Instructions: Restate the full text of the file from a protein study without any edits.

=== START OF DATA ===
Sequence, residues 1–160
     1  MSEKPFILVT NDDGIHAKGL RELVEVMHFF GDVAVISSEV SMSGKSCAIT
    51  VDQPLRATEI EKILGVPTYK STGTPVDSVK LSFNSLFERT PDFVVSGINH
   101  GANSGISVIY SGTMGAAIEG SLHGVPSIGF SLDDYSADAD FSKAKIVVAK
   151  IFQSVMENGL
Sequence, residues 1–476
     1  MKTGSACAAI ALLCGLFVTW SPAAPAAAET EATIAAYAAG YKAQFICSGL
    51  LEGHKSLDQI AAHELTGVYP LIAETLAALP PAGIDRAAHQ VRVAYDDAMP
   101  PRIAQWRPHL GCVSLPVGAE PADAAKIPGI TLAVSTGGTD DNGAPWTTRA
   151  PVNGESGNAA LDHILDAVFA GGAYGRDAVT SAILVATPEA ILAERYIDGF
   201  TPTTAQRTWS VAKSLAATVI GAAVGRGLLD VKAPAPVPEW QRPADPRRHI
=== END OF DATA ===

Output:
Sequence, residues 1–160
     1  MSEKPFILVT NDDGIHAKGL RELVEVMHFF GDVAVISSEV SMSGKSCAIT
    51  VDQPLRATEI EKILGVPTYK STGTPVDSVK LSFNSLFERT PDFVVSGINH
   101  GANSGISVIY SGTMGAAIEG SLHGVPSIGF SLDDYSADAD FSKAKIVVAK
   151  IFQSVMENGL
Sequence, residues 1–476
     1  MKTGSACAAI ALLCGLFVTW SPAAPAAAET EATIAAYAAG YKAQFICSGL
    51  LEGHKSLDQI AAHELTGVYP LIAETLAALP PAGIDRAAHQ VRVAYDDAMP
   101  PRIAQWRPHL GCVSLPVGAE PADAAKIPGI TLAVSTGGTD DNGAPWTTRA
   151  PVNGESGNAA LDHILDAVFA GGAYGRDAVT SAILVATPEA ILAERYIDGF
   201  TPTTAQRTWS VAKSLAATVI GAAVGRGLLD VKAPAPVPEW QRPADPRRHI